By: William Jackson
Prayer is something we are to do several times a day (Psalm 55:18, Deuteronomy 8:10, Psalm 119:164); but has anybody taught us how? Funny, this being so instrumental to our faith, yet nobody seems to expound on it. Well HaShem has, in His word, the Tanakh. Here we will be addressing the 5 Ws and the How in prayer.
What: Paragraph, 1 below
When: Several times a day (1)
Where: Public or private, situational dependant (1)
Why: Paragraph 2, below
How: Paragraph 3, below
We will see how the Tanakh (Old Testament) explains the “what” “why” and “how” in prayer today.
- What is prayer
The Hebrew word Tefilah is generally translated into English as the word “prayer.” It comes from the verb “pallel” which is “to judge”. In this context it means “to judge oneself.” Thus, the time of prayer is the time of self-judgment and self-evaluation. This is not an inclusive translation, for to pray also means to beg, beseech and implore (2). But, prayer probably should start with a self evaluation.
As King David said, “My sacrifice to God is a broken spirit” other versions of Psalm 57:19 say, a “repented heart“ instead of “broken spirit.” Prayer replaces the temple sacrifice (Psalm 50:8-9, 14-15). HaShem desires our prayers in worship, through them He hear us (Jeremiah 29:12, 33:3, Psalm 141:2, Proverbs 15:8). Hosea crystallizes it in Hosea 14:3, “Forgive all guilt, and accept what is good; we will pay instead of bulls [the offerings of] our lips”. Shall we not forget another good reason “why” we pray is because it’s a sin not to (1 Samuel 12:23, Isaiah 59:2).
But how are we to pray? In Judaism, originally, prayer did not include any specific times, nor was there a defined text. After the destruction of the Holy Temple, we started to see prayer specifications being developed. By the 2nd century CE, the Jewish prayers, the way we know it today, were formulated (4) . But Isaiah 29:13 tells us not to give rote prayers, these are prayers that are memorized and given without feeling. HaShem wants us to pray from the heart (Genesis 24:45, 1 Kings 8:48, Job 11:13, Psalm 119:145), not from memory.
An example that reveals either side of the spectrum are two Kings; King Hizkiyahu and King Saul. HaShem had a prophet tell King Hizkiyahu he was going to die. So upset was Hizkiyahu, that he cried and pleaded with Adonai. Adonai reprieved his death sentence by giving him an extra 15 years to live, and as a bonus He rescued the city. Conversely, King Saul was disingenuous in commitment and prayer to HaShem. This caused him to loss his kingdom (1 Sam 15:10-11, 24-26), and his life (1 Chronicles 10:13).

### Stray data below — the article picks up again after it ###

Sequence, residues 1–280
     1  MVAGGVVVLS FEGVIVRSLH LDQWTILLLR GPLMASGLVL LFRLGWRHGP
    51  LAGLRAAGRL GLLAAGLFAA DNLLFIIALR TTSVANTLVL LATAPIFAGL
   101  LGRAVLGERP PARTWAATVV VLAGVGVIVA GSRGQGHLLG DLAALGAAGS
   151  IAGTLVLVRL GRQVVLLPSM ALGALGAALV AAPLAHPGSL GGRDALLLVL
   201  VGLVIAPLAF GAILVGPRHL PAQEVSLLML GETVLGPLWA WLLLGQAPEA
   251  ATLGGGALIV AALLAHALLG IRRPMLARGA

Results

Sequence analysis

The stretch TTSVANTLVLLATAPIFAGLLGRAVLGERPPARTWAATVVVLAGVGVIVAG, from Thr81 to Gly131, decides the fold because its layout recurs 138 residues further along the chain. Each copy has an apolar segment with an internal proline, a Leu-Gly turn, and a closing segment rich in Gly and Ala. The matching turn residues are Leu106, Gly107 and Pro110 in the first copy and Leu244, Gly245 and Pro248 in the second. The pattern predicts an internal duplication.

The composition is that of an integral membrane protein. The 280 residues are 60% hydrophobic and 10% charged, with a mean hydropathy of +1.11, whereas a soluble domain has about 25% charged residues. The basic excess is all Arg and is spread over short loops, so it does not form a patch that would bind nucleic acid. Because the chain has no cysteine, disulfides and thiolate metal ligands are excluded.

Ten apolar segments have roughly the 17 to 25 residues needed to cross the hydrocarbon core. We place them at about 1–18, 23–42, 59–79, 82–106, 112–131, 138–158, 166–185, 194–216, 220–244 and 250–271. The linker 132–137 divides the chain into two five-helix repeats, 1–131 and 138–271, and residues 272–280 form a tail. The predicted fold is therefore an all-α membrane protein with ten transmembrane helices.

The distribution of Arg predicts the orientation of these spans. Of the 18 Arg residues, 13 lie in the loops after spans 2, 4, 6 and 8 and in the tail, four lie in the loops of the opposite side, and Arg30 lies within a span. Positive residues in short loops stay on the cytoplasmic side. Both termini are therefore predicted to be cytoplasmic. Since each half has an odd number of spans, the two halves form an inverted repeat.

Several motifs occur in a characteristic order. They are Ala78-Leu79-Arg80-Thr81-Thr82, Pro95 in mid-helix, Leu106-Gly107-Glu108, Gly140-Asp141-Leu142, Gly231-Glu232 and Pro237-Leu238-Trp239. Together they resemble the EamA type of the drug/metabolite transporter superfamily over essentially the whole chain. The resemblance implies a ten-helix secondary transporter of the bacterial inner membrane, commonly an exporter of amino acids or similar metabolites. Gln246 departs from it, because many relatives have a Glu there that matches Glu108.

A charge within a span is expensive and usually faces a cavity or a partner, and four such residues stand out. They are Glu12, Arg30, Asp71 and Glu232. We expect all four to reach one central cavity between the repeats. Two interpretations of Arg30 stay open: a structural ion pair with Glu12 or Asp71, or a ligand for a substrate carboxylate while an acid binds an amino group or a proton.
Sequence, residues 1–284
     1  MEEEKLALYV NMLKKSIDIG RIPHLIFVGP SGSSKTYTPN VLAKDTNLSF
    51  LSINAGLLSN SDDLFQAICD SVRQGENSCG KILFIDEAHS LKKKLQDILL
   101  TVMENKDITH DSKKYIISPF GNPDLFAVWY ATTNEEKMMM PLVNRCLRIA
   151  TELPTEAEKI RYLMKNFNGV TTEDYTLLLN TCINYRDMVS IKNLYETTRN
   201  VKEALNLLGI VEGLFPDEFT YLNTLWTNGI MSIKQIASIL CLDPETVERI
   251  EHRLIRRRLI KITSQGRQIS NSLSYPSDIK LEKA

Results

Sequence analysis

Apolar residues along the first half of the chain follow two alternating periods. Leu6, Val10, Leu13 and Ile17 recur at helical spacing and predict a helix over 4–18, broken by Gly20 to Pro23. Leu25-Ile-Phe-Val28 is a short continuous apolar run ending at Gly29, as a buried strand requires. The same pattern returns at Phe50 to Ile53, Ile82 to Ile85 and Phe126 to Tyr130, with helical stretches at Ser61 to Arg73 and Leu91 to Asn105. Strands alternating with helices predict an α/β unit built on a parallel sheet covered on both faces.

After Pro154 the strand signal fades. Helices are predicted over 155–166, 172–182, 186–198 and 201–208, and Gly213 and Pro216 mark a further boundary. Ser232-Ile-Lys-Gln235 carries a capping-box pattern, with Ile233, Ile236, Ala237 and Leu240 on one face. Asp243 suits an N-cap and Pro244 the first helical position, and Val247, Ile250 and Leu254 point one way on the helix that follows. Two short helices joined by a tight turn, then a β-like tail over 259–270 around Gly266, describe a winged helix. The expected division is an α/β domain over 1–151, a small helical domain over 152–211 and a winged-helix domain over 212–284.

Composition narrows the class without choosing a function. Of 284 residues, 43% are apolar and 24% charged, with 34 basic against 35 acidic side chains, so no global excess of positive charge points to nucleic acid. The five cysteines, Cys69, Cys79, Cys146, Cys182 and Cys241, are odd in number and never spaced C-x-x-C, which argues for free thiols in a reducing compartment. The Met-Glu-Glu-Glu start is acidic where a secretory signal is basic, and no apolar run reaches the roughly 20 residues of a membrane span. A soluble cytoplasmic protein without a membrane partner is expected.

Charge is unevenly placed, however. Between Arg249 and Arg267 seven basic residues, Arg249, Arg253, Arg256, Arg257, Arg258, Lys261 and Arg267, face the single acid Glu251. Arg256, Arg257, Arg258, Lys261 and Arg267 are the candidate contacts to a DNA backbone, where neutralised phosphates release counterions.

Above, under paragraph 2 (the “Why“), scriptures portrays that prayers have taken over for the Temple sacrifice. If we use the idea of sacrifice as a model for prayer, we would atone first before praising Him and/or pleading a request. If you remember in Leviticus 1, an atonement sacrifice is offered before the grain offering (Leviticus 2). What was a grain offering? It was a voluntary act of worship; recognition of YHVH’s goodness and provisions; devotion to YHVH (3). Additionally; the peace/ thanksgiving offering was given after the grain offering (Leviticus 3).
As for the format of our prayers, many righteous men, who prayed to HaShem, have came before us. Their words are penned in the sacred pages of the Tanakh.
Repentance: Psalm 51:12-15
Justice: Habakkuk 1:2-4
Mercy: Jeremiah 14:7
Guidance: Psalm 25
Protection: Psalm 91
Strength: Nehemiah 1:11
Prayer is calling on the Father, YHVH. Without a personal relationship with our heavenly Father we would still live; but it would not be a life worth living. We reach out to Him not only through the rough patches; but to praise Him for the good things and for life in general. The goal is to have Him work with us to make us a better person for tomorrow. In the words of Rabbi Nachman of Breslov “If you are not a better person tomorrow than you are today, what need have you for a tomorrow?”
“Thank you for searching with me in Tanakh for references on this topic, Yoshiyahu Ben Asher!!”